Even when that terribly embarrassing tape came out with your vulgar comments about women, we were still willing to vote for you. After all, the tape was over 10 years old, and you made clear that you weren't proud of it. And to be frank, you were hardly known for having a lofty sexual ethic back then.

In any event, your voters were willing to forgive and move forward, with the hope that scandals like this would remain in the past. And we weren't entirely convinced that the women raising further sexual charges against you were credible.

Either way, you got our vote, and I know you appreciated our support.

Inappropriate Gleefulness

In that light, it strikes me (and many others) as quite inappropriate that you are gleefully tweeting against Senator Al Franken, asking, "Where do his hands go in pictures 2, 3, 4, 5 & 6 while [Leeann Tweeden] sleeps? ….. And to think that just last week he was lecturing anyone who would listen about sexual harassment and respect for women. Lesley Stahl tape?"

Certainly, Franken's actions are inexcusable. He will face the heat for those actions in the Senate and beyond. But this happened more than 10 years ago, similar to your infamous conversation with Billy Bush about what you, as a star, could do to women. So if it was hypocritical of Franken to lecture people about sexual harassment and respect for women, is it proper for you to do so?

Receiving and Showing Mercy

Jesus taught a parable about the importance of showing mercy to others after we ourselves have received mercy. If we don't, mercy will not be shown to us again. (When you can, please read Matthew 18:23-35). Do you see how this could be relevant to you today?

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I know Al Franken has been one of your political opponents. And I can understand why you jumped on the news of his misconduct in 2006. In fact, your staff has forcefully defended your "Al Frankenstein." Without a doubt, it's appropriate that Senator Franken faces an uncertain political future.

I'm simply appealing to you as an evangelical leader to reconsider whether you should be leading the charge against him with your influential tweets.

I too have received much mercy from the Lord. In that spirit, I ask you to step back and spend a few quiet minutes before Him, reflecting on how much mercy He has had on you.

From that perspective, you might reconsider your approach to Senator Franken's current crisis.

FCC Finally Puts an End to Regulations Made for 1970s Media World

The Stream - Sat, 11/18/2017 - 23:42

On Wednesday, the Federal Communications Commission -- led by Chairman Ajit Pai -- put a long-overdue end to a set of FCC rules that limit ownership of media outlets in America.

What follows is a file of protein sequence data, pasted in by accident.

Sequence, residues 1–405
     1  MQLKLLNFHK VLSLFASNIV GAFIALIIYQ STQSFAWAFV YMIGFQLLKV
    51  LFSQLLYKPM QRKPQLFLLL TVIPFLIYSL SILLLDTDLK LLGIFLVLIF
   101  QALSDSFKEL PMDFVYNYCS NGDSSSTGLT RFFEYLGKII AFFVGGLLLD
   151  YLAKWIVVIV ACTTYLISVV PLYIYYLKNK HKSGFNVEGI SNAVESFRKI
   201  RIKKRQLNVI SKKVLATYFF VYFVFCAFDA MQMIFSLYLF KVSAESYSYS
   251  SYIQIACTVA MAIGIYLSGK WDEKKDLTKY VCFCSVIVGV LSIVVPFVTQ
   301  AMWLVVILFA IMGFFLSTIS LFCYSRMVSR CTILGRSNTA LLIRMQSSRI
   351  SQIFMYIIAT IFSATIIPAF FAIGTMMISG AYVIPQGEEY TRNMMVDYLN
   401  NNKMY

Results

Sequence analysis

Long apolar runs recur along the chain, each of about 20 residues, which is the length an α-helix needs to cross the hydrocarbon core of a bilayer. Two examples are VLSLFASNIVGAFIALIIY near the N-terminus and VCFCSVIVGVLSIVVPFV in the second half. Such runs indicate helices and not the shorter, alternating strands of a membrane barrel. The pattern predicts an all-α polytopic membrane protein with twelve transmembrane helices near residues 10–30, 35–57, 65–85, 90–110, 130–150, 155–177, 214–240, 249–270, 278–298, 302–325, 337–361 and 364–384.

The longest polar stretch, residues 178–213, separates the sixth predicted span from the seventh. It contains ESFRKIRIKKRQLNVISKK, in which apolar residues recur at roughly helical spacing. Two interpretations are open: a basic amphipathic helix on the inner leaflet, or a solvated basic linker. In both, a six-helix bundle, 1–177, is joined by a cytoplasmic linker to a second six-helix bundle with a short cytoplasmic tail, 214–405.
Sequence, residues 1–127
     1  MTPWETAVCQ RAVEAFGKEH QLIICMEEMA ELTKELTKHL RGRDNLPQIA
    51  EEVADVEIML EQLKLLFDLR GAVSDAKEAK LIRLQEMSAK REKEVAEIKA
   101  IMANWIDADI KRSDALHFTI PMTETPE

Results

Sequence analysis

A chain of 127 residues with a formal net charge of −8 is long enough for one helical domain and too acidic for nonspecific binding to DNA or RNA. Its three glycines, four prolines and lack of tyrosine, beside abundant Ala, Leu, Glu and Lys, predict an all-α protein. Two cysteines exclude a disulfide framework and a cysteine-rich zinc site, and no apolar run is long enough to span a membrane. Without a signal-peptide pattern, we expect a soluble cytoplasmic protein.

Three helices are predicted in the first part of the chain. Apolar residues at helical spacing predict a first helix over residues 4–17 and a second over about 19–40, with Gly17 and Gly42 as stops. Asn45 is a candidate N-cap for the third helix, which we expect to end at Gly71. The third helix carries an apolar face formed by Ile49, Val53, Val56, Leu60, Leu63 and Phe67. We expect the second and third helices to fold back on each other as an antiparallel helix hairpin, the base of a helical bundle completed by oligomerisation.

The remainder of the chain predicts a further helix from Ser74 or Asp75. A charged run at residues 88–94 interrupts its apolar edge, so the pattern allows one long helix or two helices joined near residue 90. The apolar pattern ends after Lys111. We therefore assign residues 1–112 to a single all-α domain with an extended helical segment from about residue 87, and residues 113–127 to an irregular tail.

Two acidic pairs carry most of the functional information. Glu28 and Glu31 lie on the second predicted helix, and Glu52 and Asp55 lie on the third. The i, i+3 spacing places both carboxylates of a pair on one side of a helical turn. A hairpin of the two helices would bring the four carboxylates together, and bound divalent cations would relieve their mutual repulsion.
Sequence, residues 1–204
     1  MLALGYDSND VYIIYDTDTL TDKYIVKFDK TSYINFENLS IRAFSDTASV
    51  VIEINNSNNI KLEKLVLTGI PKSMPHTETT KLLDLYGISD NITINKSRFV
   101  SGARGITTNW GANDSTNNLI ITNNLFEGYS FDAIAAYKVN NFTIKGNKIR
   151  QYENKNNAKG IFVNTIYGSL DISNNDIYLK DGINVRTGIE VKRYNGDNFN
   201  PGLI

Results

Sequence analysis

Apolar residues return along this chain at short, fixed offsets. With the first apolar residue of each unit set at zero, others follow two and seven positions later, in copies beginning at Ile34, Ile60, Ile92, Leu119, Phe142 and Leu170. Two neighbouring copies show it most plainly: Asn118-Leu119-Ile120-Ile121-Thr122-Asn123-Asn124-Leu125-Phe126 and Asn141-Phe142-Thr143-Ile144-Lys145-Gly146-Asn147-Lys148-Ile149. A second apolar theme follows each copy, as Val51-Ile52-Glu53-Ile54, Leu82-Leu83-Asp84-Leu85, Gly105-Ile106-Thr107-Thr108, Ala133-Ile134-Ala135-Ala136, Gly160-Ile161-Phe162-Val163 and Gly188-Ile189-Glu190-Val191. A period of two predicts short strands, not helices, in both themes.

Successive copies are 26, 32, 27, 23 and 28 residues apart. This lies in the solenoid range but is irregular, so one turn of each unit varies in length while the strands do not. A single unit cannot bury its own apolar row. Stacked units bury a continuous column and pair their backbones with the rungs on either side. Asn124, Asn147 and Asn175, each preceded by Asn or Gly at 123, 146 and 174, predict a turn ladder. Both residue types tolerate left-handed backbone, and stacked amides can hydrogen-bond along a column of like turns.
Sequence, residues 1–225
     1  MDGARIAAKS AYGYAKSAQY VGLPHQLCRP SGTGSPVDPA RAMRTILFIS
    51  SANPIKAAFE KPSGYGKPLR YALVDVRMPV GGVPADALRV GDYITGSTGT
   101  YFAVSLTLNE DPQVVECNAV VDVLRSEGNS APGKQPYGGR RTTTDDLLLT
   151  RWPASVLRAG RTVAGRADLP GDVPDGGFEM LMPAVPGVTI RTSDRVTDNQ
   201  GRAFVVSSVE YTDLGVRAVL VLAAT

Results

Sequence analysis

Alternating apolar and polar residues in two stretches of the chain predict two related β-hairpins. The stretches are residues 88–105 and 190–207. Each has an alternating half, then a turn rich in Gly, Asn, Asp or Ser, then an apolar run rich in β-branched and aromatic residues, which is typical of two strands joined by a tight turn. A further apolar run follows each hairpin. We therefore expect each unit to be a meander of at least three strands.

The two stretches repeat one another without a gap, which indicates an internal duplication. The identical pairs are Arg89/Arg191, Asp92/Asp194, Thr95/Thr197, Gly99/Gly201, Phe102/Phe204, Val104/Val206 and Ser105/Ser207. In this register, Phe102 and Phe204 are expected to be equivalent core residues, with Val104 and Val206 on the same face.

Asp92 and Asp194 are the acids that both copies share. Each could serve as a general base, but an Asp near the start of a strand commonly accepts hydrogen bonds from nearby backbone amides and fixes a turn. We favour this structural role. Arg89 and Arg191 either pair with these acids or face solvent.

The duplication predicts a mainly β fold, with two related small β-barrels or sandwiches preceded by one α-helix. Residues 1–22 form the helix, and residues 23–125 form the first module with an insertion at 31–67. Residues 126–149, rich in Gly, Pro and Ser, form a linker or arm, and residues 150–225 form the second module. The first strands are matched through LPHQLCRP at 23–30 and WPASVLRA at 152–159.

The most controversial of these was a 1975 rule banning newspapers from owning broadcast stations. (The FCC also repealed a similar rule limiting TV and radio cross-ownership).

Predictably, the decision has been met with outrage by supporters of regulation, who say the decision imperils consumers and their access to information. They could not be more wrong.

In their action on Wednesday, Pai and the FCC simply recognized that the media world does not look at all like it did in the 1970s, and ignoring this fact only puts unnecessary burdens on struggling media trying to survive.

While Pai has earned a reputation as a foe of overregulation -- famously vowing at one point to take a "weed whacker" to unnecessary rules -- this was no rash decision by the FCC. The agency in fact has been considering the need for these rules almost continuously since 1996.

During that time, it has become abundantly clear to anyone with a computer or a phone that these rules were written for a media world that no longer exists.

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As Pai put it recently, the now-repealed rules presumed that "the marketplace for news is defined entirely by pulp, rabbit ears, and transistor radios."

But that marketplace, if it ever existed, was toppled long ago by new technologies and new choices for consumers, as anyone with a PC or a phone already knows.

The challenge for consumers has been more over how to sort through the mountains of information presented to them, rather than how to access more content.

At the same time, "old" media has been in freefall. Newspaper circulation in particular has plummeted, with print newspaper advertising dropping 50 percent since 2008. Hundreds of daily papers have closed their doors, with many of the rest no longer publishing on a daily basis.

At the same time, broadcast television has moved from an essential outlet to one among many distribution systems for news and entertainment.

The power over information that the FCC's rules were meant to control simply is no more. In today's marketplace, the old media is threatened rather than threatening.

But rather than help newspapers and broadcasters attempt to right their ships, the FCC's restrictions make it harder to do so by making it impossible for them to combine their resources to compete in the marketplace.

The FCC deserves kudos for standing up to controversy and acknowledging the undeniable: The media world of the 1970s has been erased forever. And the government red tape made for that world should be erased as well.


Copyright 2017 The Daily Signal

Franken's 'Funny' Photo Could Have Ruined Him In 2008 Senate Race

NewsBusters - Sat, 11/18/2017 - 22:01
<p>Imagine if LeeAnn Tweeden’s picture of Al Franken groping her breasts for laughs while she slept on a 2006 military plane flight had come out during his 2008 Senate campaign. The election result was so disputed that Franken wasn’t seated in the Senate until July of 2009. Add that picture, and the Senate wouldn’t have an Al Franken harassment problem today.</p>

John Heilemann and the Corruption of the Liberal State Media

NewsBusters - Sat, 11/18/2017 - 21:00
<p>The latest example is to be found from MSNBC’s John Heilemann, who, in a discussion with ex-Bush 43 White House alum-turned-MSNBC host Nicole Wallace, said the following in a discussion of Alabama Judge Roy Moore. Wallace asked: </p>